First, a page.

There are few surviving works by Marietta. One is Portrait of an Old Man With Boy, which until 1920 had been attributed to her father. Another, more controversial work, is Portrait of a woman with a little dog, which until recently had been attributed to El Greco. Considering how popular the works of Marietta were at the time of their creation, and the shear number of commissions she received it is entirely likely that most of her paintings have been attributed to either her father or other male painters of the day.

Barbara Longhi

italian women artists
Virgin and Child with Saint, by Barbara Longhi, an Italian artist

Barbara Longhi was born in 1552. She was daughter to Luca Longhi. Only 15 of her works are known today, and of those most are small Virgin and Child paintings. She painted for the monastery of Classe in Ravenna. Her compositions were simple, relying mostly on line and color to carry the weight of the piece. Later in her career she painted mostly saintly images devoid of the incessant busyness found in Mannerist works. Her paintings were intimate and simple devotionals that were designed to instill peace and quiet reflection in the viewer. Because many of her works were left unsigned it is impossible to determine the extent of her contributions to the art world.

Giovanna Garzoni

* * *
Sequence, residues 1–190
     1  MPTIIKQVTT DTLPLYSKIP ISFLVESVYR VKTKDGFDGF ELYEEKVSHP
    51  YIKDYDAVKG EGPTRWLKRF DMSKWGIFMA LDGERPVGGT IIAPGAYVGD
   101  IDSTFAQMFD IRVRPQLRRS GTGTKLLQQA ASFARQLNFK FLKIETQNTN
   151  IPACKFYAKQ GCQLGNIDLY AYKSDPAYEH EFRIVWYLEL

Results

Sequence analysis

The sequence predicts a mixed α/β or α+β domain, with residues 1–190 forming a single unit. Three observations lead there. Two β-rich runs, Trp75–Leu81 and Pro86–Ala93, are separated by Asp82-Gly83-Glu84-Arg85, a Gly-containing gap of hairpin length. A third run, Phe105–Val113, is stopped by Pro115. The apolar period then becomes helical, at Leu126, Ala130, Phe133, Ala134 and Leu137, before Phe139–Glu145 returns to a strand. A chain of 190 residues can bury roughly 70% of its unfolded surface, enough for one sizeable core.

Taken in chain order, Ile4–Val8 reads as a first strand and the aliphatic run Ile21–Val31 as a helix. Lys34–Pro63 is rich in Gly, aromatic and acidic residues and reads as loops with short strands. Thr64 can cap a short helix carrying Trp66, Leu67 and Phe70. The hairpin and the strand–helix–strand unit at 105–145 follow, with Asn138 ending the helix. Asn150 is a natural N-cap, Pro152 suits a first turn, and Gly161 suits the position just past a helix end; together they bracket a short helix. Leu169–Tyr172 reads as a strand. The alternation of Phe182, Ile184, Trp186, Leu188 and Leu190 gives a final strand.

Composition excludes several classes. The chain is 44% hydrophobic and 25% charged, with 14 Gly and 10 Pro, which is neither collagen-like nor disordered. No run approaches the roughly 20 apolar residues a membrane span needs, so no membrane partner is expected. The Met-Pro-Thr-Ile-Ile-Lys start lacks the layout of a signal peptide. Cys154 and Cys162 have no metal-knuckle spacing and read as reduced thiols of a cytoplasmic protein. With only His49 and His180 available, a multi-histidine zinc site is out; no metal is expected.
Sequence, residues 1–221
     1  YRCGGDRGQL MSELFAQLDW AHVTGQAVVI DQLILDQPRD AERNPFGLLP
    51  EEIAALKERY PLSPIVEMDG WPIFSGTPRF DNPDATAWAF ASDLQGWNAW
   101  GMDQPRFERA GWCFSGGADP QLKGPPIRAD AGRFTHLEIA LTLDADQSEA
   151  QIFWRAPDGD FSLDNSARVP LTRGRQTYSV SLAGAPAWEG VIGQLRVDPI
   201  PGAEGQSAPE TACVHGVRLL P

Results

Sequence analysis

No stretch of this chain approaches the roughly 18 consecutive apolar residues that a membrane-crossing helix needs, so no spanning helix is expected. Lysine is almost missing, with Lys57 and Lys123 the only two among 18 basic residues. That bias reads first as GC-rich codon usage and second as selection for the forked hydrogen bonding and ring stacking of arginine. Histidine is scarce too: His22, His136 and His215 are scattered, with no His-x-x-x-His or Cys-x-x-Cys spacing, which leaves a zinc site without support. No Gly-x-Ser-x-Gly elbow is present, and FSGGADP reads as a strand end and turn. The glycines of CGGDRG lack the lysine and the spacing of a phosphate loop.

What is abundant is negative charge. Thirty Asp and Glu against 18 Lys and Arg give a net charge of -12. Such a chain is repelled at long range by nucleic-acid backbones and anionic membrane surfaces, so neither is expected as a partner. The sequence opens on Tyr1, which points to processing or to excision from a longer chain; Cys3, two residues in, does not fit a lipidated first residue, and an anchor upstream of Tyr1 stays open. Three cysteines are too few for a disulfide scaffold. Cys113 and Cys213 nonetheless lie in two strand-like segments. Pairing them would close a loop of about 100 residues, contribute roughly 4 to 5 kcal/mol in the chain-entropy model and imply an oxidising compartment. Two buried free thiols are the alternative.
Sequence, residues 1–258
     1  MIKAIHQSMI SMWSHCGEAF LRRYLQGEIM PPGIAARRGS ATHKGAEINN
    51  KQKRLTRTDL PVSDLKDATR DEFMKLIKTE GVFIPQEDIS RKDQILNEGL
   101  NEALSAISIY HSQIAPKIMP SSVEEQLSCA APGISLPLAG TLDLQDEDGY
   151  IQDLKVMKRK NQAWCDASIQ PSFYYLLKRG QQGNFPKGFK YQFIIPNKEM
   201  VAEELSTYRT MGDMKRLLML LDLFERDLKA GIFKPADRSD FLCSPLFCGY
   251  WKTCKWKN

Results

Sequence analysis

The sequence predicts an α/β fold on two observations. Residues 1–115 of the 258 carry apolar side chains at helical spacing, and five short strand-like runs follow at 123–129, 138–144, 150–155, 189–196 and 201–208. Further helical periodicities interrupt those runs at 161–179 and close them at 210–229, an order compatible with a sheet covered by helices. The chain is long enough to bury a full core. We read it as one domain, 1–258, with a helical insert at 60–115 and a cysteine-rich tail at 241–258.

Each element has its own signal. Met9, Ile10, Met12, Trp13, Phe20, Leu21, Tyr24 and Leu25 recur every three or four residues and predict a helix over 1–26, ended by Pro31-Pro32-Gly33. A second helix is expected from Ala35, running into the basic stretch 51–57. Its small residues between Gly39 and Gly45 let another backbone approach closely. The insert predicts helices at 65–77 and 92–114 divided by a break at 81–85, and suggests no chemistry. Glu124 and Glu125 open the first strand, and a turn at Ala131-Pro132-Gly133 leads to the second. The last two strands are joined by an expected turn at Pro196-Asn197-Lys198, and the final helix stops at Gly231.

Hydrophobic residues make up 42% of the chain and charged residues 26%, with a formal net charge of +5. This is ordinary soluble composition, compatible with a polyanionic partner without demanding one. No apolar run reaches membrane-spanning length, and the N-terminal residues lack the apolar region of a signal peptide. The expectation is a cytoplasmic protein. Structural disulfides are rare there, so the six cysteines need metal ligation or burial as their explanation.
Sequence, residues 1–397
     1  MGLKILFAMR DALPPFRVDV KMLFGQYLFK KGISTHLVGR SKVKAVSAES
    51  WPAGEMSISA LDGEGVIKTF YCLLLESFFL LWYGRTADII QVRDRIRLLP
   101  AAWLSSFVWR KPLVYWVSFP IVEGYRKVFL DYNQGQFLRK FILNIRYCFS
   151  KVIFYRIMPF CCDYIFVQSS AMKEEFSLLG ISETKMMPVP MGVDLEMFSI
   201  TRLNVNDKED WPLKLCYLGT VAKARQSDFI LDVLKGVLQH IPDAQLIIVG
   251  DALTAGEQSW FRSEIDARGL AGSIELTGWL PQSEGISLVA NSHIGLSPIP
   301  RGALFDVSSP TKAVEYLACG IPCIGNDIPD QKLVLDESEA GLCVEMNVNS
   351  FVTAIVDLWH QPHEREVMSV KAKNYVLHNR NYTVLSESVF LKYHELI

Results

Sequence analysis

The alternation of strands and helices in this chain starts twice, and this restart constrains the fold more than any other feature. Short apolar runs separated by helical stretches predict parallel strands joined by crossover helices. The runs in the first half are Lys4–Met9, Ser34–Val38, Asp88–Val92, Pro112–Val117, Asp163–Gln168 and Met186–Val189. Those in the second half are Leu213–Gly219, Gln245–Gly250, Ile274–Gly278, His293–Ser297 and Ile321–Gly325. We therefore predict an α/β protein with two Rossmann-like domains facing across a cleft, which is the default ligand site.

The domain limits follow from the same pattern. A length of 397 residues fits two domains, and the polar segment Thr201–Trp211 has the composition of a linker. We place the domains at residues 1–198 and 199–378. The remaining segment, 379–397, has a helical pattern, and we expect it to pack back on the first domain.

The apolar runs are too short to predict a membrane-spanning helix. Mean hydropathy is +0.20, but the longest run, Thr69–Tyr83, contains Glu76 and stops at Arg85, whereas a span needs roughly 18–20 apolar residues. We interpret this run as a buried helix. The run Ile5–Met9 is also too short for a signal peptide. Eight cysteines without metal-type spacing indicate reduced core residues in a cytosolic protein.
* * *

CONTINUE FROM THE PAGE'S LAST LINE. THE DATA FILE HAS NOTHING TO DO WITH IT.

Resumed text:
italian women painters
Still Life by Giovanna Garzoni

Giovanna Garzoni was born in 1600 in Ascoli Piceno. She primarily painted still lifes and her works were in high demand. In 1625 she produced a calligraphy book with illustrations of letters, fruit, flowers, and insects. Her preferred medium was tempra on vellum and her detailed representations of natural elements made her a favorite illustrator among aristocrats. She enjoyed a long and successful career including being hired to paint botanical and zoological specimens for the Medici Court. Her watercolors were considered the finest botanical and zoological renderings of the seventeenth century.

Properzia De Rossi

italian female painters
This relief of Joseph and Wife by Properzia de Rossi can be found on the portal of the Cathedral of Bologna

Properzia De Rossi was born in Bologna in 1490. She was the only female sculpture and miniaturist of the Renaissance. She received the bulk of her training from Marcantonio Raimondi, who was the engraver for Michelangelo’s paintings. She was well known for her diminutive works and admired for her amazing skill. She carved her highly detailed miniatures from the pits of cherries and peaches. She was commissioned to do miniature alter displays for convents and monasteries. Other than being an artist, Properzia was also educated in the sciences and an accomplished musician. She died early at the age of 40.

The contributions of women artists can not be ignored. In Italy and abroad woman have offered as much to the world of art as men. Their works are still waiting to be discovered, their accomplishments still waiting to be discovered. As art restoration technology improves it is likely that more and more works by women will be discovered catalogued under the names of men.

See also:

Italian Women Artists Part I

Italian Women Artists Part II

By: Jamie Sue Austin